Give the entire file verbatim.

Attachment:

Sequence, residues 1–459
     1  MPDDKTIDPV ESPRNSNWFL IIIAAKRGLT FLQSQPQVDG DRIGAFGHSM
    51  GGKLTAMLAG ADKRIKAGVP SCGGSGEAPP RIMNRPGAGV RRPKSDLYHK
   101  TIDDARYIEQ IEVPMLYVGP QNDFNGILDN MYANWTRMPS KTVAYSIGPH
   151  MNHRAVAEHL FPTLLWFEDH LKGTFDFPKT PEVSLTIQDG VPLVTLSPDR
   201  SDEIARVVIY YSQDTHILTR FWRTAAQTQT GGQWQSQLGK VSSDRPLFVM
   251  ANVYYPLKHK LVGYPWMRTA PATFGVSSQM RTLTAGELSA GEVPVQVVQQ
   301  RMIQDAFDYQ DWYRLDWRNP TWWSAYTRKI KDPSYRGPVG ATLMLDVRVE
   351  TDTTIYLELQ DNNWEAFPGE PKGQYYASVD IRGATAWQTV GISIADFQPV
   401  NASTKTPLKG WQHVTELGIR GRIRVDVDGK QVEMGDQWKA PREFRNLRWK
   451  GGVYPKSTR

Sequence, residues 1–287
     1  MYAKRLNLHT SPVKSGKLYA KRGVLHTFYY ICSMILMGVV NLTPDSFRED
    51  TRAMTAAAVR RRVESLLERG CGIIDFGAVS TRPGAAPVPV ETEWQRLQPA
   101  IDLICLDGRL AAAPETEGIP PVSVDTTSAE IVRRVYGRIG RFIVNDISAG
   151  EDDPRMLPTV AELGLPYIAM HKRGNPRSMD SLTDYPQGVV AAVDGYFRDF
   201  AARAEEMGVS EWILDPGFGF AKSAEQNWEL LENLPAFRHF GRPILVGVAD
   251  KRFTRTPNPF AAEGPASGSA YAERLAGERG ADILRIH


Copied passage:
Sequence, residues 1–459
     1  MPDDKTIDPV ESPRNSNWFL IIIAAKRGLT FLQSQPQVDG DRIGAFGHSM
    51  GGKLTAMLAG ADKRIKAGVP SCGGSGEAPP RIMNRPGAGV RRPKSDLYHK
   101  TIDDARYIEQ IEVPMLYVGP QNDFNGILDN MYANWTRMPS KTVAYSIGPH
   151  MNHRAVAEHL FPTLLWFEDH LKGTFDFPKT PEVSLTIQDG VPLVTLSPDR
   201  SDEIARVVIY YSQDTHILTR FWRTAAQTQT GGQWQSQLGK VSSDRPLFVM
   251  ANVYYPLKHK LVGYPWMRTA PATFGVSSQM RTLTAGELSA GEVPVQVVQQ
   301  RMIQDAFDYQ DWYRLDWRNP TWWSAYTRKI KDPSYRGPVG ATLMLDVRVE
   351  TDTTIYLELQ DNNWEAFPGE PKGQYYASVD IRGATAWQTV GISIADFQPV
   401  NASTKTPLKG WQHVTELGIR GRIRVDVDGK QVEMGDQWKA PREFRNLRWK
   451  GGVYPKSTR

Sequence, residues 1–287
     1  MYAKRLNLHT SPVKSGKLYA KRGVLHTFYY ICSMILMGVV NLTPDSFRED
    51  TRAMTAAAVR RRVESLLERG CGIIDFGAVS TRPGAAPVPV ETEWQRLQPA
   101  IDLICLDGRL AAAPETEGIP PVSVDTTSAE IVRRVYGRIG RFIVNDISAG
   151  EDDPRMLPTV AELGLPYIAM HKRGNPRSMD SLTDYPQGVV AAVDGYFRDF
   201  AARAEEMGVS EWILDPGFGF AKSAEQNWEL LENLPAFRHF GRPILVGVAD
   251  KRFTRTPNPF AAEGPASGSA YAERLAGERG ADILRIH